It was probably immediately post college when I got really determined to pay off that credit card debt and never miss a payment on my student loans, all on a $12/hr fellowship wage commuting from the VA suburbs.
Jason Cooper is a traveling faith healer and speaker/pastor at Cityreach Schenectady who lives with his wife and two daughters in a condo in Schenectady, NY.
I’m coming to the conclusion that it’s not worth it anymore. Everyone is overworked and stressed and we never have time to see each other because there is always a deadline.
This summer, Bailey Reutzel decided to quit her job and drive across the country interviewing people about how they are making do (or not) in the post-financial-crisis America.
“One time we desperately needed money for operations, and went to a guy who literally DUG WADS OF NOTES OUT OF THE GROUND to change our money.”
I’d rather have the flexibility of (not quite, but soon!) $10,000 in the bank rather than $10,000 in loans, for the relatively low cost of $2,000 in interest. I’m risk-adverse.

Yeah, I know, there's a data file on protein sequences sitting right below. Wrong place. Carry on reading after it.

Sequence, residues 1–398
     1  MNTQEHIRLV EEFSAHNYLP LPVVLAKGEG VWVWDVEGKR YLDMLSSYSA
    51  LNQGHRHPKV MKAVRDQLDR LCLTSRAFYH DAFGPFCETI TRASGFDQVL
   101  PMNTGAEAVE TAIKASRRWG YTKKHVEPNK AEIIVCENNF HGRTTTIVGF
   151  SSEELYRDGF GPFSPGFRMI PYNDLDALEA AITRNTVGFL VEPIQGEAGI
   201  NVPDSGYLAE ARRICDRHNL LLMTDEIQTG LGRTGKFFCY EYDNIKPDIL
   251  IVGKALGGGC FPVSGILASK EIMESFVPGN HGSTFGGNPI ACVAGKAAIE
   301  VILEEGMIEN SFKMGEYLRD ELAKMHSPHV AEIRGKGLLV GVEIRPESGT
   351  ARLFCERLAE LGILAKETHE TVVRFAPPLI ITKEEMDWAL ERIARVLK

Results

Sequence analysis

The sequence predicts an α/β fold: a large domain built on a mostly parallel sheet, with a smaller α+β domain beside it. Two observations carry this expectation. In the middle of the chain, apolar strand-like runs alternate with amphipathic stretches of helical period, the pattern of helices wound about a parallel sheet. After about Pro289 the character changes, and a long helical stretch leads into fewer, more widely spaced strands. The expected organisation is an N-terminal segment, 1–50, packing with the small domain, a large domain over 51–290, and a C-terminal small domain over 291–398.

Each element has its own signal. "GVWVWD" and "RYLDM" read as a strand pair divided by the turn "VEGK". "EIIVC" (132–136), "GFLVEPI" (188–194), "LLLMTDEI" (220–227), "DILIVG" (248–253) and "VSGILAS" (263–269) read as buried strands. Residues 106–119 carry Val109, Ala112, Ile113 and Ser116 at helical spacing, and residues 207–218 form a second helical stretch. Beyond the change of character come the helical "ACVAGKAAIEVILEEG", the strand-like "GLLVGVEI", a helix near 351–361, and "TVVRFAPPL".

The end goal is to live long enough to watch capitalism be dismantled so I can continue to make art and take care of the regrettable physical necessities like eating and shelter.
In a move I attribute entirely to The Billfold, I set up a whole bunch of sub-savings accounts last year, and it’s been great.
“I really like how structured it is and how it makes you think. It’s not so much about math, it’s about finding the appropriate place to put a number. It’s sort of like solving a puzzle. Each amount of money is it’s own little piece and once you place them all together and they fit your budget, it’s like you’ve solved the puzzle.”
Financial freedom, even on a small scale, is amazing. Being able to say yes without sweating the cost is excellent. I’m not talking trips around the world, but Prince tickets or a quick weekend away.